Are you making time?

In all our deeds the proper value and respect for time determines success or failure, according to Malcolm X.

In 2014:

  • My YA novel Lockdown will be released in the spring. Before that happens, a press kit and a book launch must be organized.
  • My epic Australian novel is shaping up and should be moved to submission-ready status.
  • The Young Writers Club remains stronger than ever and still demands lots of time and preparation.
  • I have a handful of short stories to polish.
  • This writing blog and the earthquake blog must be maintained.
  • A rough draft of a new YA novel needs a month or more of work.

Word count: 370                                                                              Reading time: 1-2 minutes

Behind the scenes there are major changes going on in my personal life that wake me early every morning and occupy me until I drop into bed, late every night.

How easy it would be, in the midst of all this busyness, to think, “I’ll find time to write something new tomorrow.” Time is a slippery thing: one unproductive day becomes seven. A week drifts into a month. Experience warns me that if I let things slide, soon I won’t have created anything new in recent memory.

This year I will make time (because no one finds it) for all the competing priorities. Otherwise starting a new project, or even advancing a half-finished one, seems as feasible as scaling Mt. Everest. To avoid this pitfall, I will shake myself and remember that the only way to get things done is to quit talking about them and just do them.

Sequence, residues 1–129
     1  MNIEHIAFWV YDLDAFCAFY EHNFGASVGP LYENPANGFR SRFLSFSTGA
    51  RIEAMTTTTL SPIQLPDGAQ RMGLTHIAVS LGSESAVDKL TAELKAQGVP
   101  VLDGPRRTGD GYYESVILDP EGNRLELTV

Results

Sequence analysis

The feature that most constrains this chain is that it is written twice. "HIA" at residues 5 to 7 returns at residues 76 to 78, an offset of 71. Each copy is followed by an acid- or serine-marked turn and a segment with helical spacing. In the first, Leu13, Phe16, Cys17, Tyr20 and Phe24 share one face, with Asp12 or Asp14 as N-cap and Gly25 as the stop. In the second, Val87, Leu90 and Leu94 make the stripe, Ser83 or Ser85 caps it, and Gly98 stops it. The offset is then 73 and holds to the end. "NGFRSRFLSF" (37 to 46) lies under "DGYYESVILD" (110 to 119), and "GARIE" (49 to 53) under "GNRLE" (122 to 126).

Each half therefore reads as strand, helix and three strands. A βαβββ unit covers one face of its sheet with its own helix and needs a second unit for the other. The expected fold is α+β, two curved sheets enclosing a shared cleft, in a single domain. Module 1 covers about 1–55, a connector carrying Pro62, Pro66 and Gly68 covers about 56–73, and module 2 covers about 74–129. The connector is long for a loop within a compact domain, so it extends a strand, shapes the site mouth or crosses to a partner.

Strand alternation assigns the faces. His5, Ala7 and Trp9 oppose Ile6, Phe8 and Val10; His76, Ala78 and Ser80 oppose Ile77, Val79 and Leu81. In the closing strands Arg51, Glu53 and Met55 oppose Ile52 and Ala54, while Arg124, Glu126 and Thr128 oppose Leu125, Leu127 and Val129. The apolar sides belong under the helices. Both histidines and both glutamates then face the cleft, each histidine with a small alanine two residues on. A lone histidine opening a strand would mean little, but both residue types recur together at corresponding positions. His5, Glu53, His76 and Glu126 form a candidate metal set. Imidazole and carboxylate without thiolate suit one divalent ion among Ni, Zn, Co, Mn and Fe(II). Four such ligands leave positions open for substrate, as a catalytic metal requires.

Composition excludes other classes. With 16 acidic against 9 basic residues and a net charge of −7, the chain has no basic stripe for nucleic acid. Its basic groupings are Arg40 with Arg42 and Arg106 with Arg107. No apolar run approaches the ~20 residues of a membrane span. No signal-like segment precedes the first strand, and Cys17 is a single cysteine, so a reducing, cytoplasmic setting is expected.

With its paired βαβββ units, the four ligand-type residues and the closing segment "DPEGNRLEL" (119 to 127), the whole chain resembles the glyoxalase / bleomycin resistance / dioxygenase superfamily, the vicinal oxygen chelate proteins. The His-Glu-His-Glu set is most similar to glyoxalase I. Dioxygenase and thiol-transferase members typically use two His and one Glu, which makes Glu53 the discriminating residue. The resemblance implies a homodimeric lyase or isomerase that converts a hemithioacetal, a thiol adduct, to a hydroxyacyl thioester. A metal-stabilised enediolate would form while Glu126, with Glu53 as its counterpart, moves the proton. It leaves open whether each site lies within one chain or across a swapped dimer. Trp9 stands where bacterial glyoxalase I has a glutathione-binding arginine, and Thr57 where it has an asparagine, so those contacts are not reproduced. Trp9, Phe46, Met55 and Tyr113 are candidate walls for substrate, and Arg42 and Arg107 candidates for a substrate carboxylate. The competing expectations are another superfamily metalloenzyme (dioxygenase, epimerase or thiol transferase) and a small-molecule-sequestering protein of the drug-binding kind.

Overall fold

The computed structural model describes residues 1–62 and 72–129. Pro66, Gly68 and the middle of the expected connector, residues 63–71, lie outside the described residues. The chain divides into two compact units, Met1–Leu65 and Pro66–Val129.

A goal without a date is just a dream said Milton H. Erickson. So, before the days disappear like cherry blossoms in spring, I’m going to set deadlines and try to avoid the whooshing sound as they fly past. (with thanks to Douglas Adams). I don’t want 2014’s goals to end up as unrealized dreams. I have a calendar. I have dates for each goal. I really, really intend to stick with it. Unless, of course, there is another cute dog or cat video on YouTube…..

What are you doing this year to master the gift of time? Have you recorded your writing goals? Are they broken into small increments that aren’t overwhelming?


Photo from Wikimedia Commons: Wanduhr in Deutschland. Es ist 15:00 Uhr.

What are your bare necessities?

The hardest part of writing is writing,” said the legendary Nora Ephron. To me, the hardest thing about writing is getting started.

Word count: 303                       Reading time: 1-2 minutes

When I finally get down to work, the walls recede, the rat stops gnawing the door, and I forget everything but the characters in front of me. Why is it so difficult to get out of the starting gate? Are there physical things that draw a person to the desk? Over the past week, I made a list of things that seemed essential to writing on different days:

  • a cup of green tea
  • a mug of strong coffee
  • a glass of wine
  • none of the above – water only, please
  • a tidy desk
  • a desk heaped with notes and reference material
  • a free writing warm-up
  • jumping right in
  • a good pen and a friendly notebook
  • a laptop
  • sunshine
  • rain
  • reading a couple of poems aloud, listening to the diction, tripping out on the images, enjoying the poet’s playfulness
  • reading no poetry
  • a quiet corner
  • music
  • complete silence
  • incense
  • open windows and fresh air

So the list revealed nothing more than the lack of a magic formula. In the end, the main thing that gets me working is a looming deadline, usually a self-imposed one. Without it I could and would avoid the pain and the joy forever. After all: writing is 90% procrastination, eating cereal out of the box, watching infomercials. It’s a matter of doing everything you can to avoid writing, until it is about four in the morning and you reach the point where you have to write. ~ Paul Rudnick

What makes you get started? Do you have a favourite spot that gets your story spinning? Or do you like variety, somewhere new every time? Do you have routines or physical comforts that that entice you to work?